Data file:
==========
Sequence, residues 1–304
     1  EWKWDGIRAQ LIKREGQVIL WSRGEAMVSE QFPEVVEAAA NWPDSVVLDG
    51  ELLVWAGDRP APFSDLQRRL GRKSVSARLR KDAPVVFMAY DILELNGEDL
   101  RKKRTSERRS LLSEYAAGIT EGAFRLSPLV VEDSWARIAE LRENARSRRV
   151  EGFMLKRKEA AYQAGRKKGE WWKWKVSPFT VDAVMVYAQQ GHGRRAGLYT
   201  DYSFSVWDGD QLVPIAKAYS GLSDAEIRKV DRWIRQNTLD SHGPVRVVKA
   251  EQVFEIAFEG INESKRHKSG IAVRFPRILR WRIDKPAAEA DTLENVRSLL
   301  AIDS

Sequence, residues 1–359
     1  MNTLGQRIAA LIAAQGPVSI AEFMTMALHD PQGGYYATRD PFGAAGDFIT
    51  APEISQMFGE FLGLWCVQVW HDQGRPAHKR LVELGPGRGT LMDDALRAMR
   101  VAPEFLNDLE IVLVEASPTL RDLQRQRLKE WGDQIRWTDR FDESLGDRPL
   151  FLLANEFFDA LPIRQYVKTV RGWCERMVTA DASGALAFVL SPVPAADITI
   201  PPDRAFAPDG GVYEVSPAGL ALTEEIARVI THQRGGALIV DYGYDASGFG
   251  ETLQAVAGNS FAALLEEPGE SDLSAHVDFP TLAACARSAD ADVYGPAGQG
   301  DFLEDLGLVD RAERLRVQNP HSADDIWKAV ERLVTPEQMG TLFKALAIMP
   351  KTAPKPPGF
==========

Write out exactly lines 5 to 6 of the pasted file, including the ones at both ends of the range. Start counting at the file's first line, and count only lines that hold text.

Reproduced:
   151  EGFMLKRKEA AYQAGRKKGE WWKWKVSPFT VDAVMVYAQQ GHGRRAGLYT
   201  DYSFSVWDGD QLVPIAKAYS GLSDAEIRKV DRWIRQNTLD SHGPVRVVKA